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EU presses Britain to speed up exit process

25 June 2016 17:50



Remaining members of the European Union have piled pressure on Britain to set out a quick timetable for its exit from the bloc, to avoid long period of “uncertainty.”

European Commission President Jean-Claude Juncker said now that Britain decided to leave the EU, there is no reason to wait until October for Prime Minster David Cameron’s resignation and the beginning of negotiations for the UK’s departure.

“Britons decided yesterday that they want to leave the European Union, so it doesn’t make any sense to wait until October to try to negotiate the terms of their departure,” Juncker told Germany’s ARD television station.

Cameron announced on Friday he would leave office in October a day after some 51 percent of British voters opted to leave the EU in a historic referendum on Thursday.

He said it would be up to his successor, who is expected to be appointed before the Conservative Party conference in October, to trigger negotiations for exit from the union.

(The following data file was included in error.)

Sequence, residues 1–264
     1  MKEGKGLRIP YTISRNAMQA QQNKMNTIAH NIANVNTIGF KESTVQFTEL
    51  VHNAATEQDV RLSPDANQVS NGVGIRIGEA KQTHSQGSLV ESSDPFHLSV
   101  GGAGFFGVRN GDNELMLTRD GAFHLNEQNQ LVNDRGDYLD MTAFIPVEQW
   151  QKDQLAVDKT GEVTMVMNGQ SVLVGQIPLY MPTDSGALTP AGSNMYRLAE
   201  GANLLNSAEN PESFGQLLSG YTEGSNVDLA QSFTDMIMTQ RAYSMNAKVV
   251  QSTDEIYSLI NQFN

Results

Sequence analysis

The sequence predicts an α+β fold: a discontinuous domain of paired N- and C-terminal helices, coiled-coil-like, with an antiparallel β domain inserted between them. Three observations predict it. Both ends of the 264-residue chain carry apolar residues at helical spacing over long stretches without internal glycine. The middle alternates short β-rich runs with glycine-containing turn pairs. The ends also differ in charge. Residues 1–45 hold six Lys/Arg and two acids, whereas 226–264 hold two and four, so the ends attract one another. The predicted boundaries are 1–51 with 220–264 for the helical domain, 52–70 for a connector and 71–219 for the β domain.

French Foreign Minister Jean-Marc Ayrault said Britain “must trigger” exit negotiations and it should take “a few days” for Cameron to be replaced.

He said it would “not be respectful” for the UK to postpone the exit process.

Ayrault warned that there is “a certain urgency” to start the process, because of “financial consequences, political consequences … We must avoid a long period of uncertainty.”

German Foreign Minister Frank-Walter Steinmeier also called for talks to be started “as soon as possible,” saying “intensive European discussions” were also needed.

German Foreign Minister Frank-Walter Steinmeier (L) and his French counterpart Jean-Marc Ayrault © AFP


Luxembourg’s foreign minister, Jean Asselborn, also warned that waiting for Cameron’s successor to start the exit process in October could turn those four months into “a period of insecurity.”

“I hope we won’t get into a cat and mouse game over this – that would neither be fitting for Britain nor the European Union,” he said.

Britain’s vote, which sent shockwaves around the world, now has concerned European capitals that are anxious about anti-EU sentiments among their citizens.

They say the Brexit vote should be seen as a wakeup call for a union that is increasingly losing touch with its people.

Brexit, however, sparked some demands from far-right parties for similar referendums in France, Netherlands and Italy.

The prime minister of the Netherlands, Mark Rutte, said the EU had to become “more relevant, deliver added value to our lives, jobs, growth, control of our external borders.” He said he personally felt “this strong discontent” with Europe.

The 27 remaining members of the union will hold an emergency meeting next week to discuss Britain’s departure and the future of the bloc without Britain.

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